One of the questions I hear most frequently is “I just got a new ferret, how do I introduce him/her to my ferrets?” This can be an interesting experience, especially the first time you watch your old ferrets react to a new fuzzy in the house!

When you introduce a new ferret to your fuzzy family, be prepared for some jumping around, dooking, biting, hissing and more! It is natural for your ferrets to be suspicious of and even hostile towards a new fuzzy. You are introducing a new animal into their home, and there is bound to be some friction. The important thing is to be patient. It can take anywhere from a few hours to 6 months or more. It all depends on your current ferret or ferrets. If it has been one or more years since the older ferret(s) entered your household, chances are it’s going to take longer to acclimate them to the new addition.

Here are some tips for handling this situation:

1) First and foremost, make sure your new ferret is free of diseases before introducing him or her into the group. You may want to quarantine for a week or more, until test results come back. Diseases such as ECE, ADV and parasites are the main concerns. Testing for ADV must be done by sending out a blood sample. There is no test for ECE or parasites, but by keeping your new ferret quarantined for a couple weeks, you can watch them for abnormal poops, lethargy, or any other behavior that would set off alarm bells.

2) If you’re adopting from a shelter, find out if you can bring your current ferret or ferrets to meet the prospective addition. Giving your ferret a chance to pick out its cagemate will make the transition easier on both of them!

3) Try to introduce the ferrets in a neutral area – if your ferrets always run around in one room, use a different room. If your ferrets are free roam, try to use a friend’s house. The point of this is that all the ferrets will be in a new place, and the potential for aggressive territoriality will be less.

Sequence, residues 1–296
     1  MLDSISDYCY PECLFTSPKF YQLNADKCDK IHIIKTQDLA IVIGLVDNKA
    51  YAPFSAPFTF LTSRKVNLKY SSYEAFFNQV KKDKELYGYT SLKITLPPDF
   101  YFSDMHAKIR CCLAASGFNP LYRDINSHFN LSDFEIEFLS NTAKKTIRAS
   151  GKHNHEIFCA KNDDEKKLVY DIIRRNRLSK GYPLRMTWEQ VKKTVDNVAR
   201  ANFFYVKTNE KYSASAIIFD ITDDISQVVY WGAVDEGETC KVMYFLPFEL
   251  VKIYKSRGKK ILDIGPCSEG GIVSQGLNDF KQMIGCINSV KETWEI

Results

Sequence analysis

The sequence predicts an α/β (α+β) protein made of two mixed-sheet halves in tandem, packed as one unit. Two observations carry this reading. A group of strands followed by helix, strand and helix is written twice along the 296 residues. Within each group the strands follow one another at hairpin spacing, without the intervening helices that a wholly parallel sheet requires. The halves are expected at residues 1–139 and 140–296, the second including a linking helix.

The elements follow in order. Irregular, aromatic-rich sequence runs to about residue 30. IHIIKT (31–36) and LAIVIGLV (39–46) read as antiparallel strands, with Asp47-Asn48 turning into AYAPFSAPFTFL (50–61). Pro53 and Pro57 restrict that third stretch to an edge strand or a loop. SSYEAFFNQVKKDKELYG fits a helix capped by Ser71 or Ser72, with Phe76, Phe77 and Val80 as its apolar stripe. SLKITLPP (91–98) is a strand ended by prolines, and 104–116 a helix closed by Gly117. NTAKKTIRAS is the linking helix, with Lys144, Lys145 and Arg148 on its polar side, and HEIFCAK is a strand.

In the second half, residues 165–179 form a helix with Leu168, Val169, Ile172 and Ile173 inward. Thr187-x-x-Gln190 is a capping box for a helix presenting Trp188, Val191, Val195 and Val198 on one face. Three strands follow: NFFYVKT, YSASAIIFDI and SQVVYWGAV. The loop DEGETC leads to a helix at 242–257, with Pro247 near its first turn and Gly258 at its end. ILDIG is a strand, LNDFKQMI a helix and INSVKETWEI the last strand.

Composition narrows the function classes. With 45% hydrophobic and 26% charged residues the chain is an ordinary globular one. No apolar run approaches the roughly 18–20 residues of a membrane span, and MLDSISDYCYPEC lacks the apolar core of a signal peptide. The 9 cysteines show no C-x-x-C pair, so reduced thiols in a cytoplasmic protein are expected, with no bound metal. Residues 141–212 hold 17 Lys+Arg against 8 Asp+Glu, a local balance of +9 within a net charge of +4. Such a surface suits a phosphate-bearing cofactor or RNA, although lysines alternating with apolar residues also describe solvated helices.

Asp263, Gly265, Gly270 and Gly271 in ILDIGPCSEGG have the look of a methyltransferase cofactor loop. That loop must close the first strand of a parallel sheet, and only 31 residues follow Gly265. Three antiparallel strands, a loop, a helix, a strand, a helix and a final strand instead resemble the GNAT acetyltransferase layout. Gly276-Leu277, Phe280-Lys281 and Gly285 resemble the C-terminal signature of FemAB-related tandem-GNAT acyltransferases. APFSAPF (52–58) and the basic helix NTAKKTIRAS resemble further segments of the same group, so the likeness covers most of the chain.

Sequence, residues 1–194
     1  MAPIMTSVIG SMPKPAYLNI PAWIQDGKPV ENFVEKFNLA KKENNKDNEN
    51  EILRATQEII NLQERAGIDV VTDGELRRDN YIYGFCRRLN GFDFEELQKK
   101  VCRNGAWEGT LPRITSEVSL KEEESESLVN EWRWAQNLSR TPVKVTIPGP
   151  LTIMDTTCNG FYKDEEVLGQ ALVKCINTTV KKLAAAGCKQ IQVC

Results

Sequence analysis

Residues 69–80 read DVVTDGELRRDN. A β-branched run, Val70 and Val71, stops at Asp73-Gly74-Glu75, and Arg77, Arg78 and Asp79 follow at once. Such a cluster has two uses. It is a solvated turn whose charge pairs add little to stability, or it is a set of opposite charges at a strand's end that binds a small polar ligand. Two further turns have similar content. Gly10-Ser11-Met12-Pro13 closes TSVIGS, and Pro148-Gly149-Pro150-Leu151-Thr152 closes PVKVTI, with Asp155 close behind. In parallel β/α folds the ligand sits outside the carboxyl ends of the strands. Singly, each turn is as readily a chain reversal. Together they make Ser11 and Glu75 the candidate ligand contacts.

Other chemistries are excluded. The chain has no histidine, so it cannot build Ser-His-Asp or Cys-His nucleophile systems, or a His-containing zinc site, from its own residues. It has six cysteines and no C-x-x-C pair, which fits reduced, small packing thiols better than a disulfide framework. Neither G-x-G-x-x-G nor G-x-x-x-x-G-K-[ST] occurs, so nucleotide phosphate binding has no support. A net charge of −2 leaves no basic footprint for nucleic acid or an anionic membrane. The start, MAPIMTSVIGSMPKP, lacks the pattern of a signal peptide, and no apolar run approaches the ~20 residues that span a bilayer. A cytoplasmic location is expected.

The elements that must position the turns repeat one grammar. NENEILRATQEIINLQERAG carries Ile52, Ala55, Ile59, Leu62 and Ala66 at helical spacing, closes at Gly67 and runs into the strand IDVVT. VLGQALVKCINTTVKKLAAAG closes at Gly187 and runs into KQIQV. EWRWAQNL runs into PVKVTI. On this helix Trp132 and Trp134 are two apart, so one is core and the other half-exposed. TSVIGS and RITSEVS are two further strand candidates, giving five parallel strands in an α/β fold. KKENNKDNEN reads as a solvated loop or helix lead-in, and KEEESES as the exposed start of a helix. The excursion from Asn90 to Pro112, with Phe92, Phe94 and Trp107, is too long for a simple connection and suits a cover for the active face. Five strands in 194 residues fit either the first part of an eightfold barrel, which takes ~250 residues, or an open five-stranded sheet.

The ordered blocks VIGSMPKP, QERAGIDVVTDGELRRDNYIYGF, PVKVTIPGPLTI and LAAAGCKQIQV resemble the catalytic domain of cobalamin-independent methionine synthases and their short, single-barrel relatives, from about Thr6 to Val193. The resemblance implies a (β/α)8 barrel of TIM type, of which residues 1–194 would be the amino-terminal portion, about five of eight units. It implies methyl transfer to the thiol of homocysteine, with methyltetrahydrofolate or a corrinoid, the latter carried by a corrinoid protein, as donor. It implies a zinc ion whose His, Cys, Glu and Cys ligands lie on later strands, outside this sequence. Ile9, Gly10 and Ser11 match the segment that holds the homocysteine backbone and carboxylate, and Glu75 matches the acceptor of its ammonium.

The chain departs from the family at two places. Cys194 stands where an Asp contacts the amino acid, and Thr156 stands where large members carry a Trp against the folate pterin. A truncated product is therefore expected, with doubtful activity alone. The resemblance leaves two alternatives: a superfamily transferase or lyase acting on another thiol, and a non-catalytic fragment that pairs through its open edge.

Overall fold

4) Keep them in separate cages near each other before putting them together in one cage. Switch their bedding back and forth so they can get used to each other’s scent. Have supervised playtimes and playtimes where only one ferret is let out.

5) During supervised playtimes, watch how they are interacting. If it seems rough and you separate them, but the ferret being attacked goes back for more, it’s probably just typical ferret playing – a little rough and tumble! If the attacking ferret bites with a darting motion (striking like a snake) and shakes his or head back and forth roughly, separate them. This is more than regular ferret play, and it can result in the less dominant ferret being covered with scabs, which can become infected.

6) When ferrets play and one is scared, he or she may scream. Some ferrets are very vocal normally though, so don’t assume that the ferret screaming is the one losing!

7) Try applying a bite deterrent training spray such as Fooey to their necks to discourage biting.

8) When play does become too rough and they need to be separated because one ferret is being too rough, scruff the rough one firmly but gently, scold it, and put it in a cage for a time out. Then seek out the other ferret and assure it that it is still loved and safe. Don’t ever hit, scream at, throw or otherwise be aggressive towards your ferrets. It will make them fear you and worsen an already tough situation. If the two ferrets are both being rough, just separate them and distract them with a treat – Ferretone works really well. This will give them a chance to calm down. You can even try putting the Ferretone on two dishes right near each other so they start to associate the other ferret’s presence with good things.

9) If one ferret is so scared that it defecates on the floor, separate them immediately. It is not necessarily the other ferret’s fault, so don’t punish it as a knee jerk reaction. Cuddle both ferrets and show them that they are loved and are not in any danger. Don’t put them back together right away, but don’t let this deter you either. Some ferrets are just more nervous or easily upset than others. You have to be sensitive to their needs and their feelings.

There are some cases in which integration is just not possible. Some ferrets don’t like other ferrets, or sometimes they’ve been alone too long to welcome a new ferret into their home. If this is the case and you’ve tried a variety of methods, don’t force the issue. Either keep the new ferret separate (if you have multiple ferrets already and are open to having two groups of ferrets) or find a new forever home for the new ferret. It may be hard to give the new one up, but both ferrets will thank you for it.